Besides base effects, though, one cannot ignore relatively weak residential market conditions which are probably playing a key role. However, looking past the short term cycle, it is probably realistic to expect further surges in building cost inflation at times through to 2010.
The FNB CPF* Residential Building Cost Index for the third quarter of 2007, constructed by Industryinsight indicates some further slowing down in residential building cost inflation, the fourth consecutive quarter (given some backward revisions to previous datapoints) of declining year-on-year inflation following a significant surge in building cost pressures last year.
The index reflects the average building cost per square metre, as charged by building contractors when winning tenders in the formal residential property sector. It excludes affordable and so-called “RDP” housing. The average building cost per square metre was measured at R5,621 for the third quarter. This is mildly up from the previous quarter’s revised average of R5,548/square metre.
Year-on-year, building cost inflation measured 11.1% for the third quarter. This is a further decline from the revised 21.8% registered in the first quarter, and well-down from the 38.8% peak reached in the third quarter of 2006. The slowdown is believed to be reflective of a residential market increasingly under pressure from the lengthy period of interest rate hiking along with a slowing economy. One would expect contractor pricing power to suffer as a result.
Furthermore the relative strength at the lower end of the market, the result of an affordability deterioration over the boom years, may be an increasing incentive for a portion of development activity to shift away from the more luxurious end of the market towards the lower, less frills, end. Such a shift can also have an impact on the index’s price inflation rate.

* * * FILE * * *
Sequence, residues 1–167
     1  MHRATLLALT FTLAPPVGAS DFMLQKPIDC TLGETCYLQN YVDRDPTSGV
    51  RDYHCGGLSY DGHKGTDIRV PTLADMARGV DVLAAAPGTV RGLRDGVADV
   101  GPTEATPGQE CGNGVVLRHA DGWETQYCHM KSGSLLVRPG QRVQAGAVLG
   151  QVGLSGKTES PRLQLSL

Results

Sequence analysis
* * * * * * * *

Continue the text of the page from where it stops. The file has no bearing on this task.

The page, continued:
It is also possible that the lower inflation rate is partly reflective of lower materials cost inflation, which has shown some decline, over the past 2 quarters. This is indicated in the producer index for building materials.
WHERE TO FROM HERE? DESPITE THE CURRENT LULL, HIGH BUILDING COST INFLATION IS PROBABLY NOT OVER YET.
The downturn in building cost inflation could continue into 2008, but looking further into the future I would expect that on average building cost inflation will be strong during the rest of the decade. The residential property market is expected to gradually turn for the better in 2008, spurred on by interest rates reaching their peak and an economy starting to turn for the better once again after the current lull. This is expected to lead to solid growth in residential building activity in the longer term, especially on the lower and more affordable end.
In addition, the proliferation of infrastructure projects as 2010 approaches, and expectation of still higher non-residential building activity, could expose the residential construction sector to considerable competition for certain production inputs if it hasn’t already.
This combination of steady residential demand growth and expected supply constraints should be the recipe for strong building cost surges from time to time, and that in turn should be positive from a returns on residential property point of view.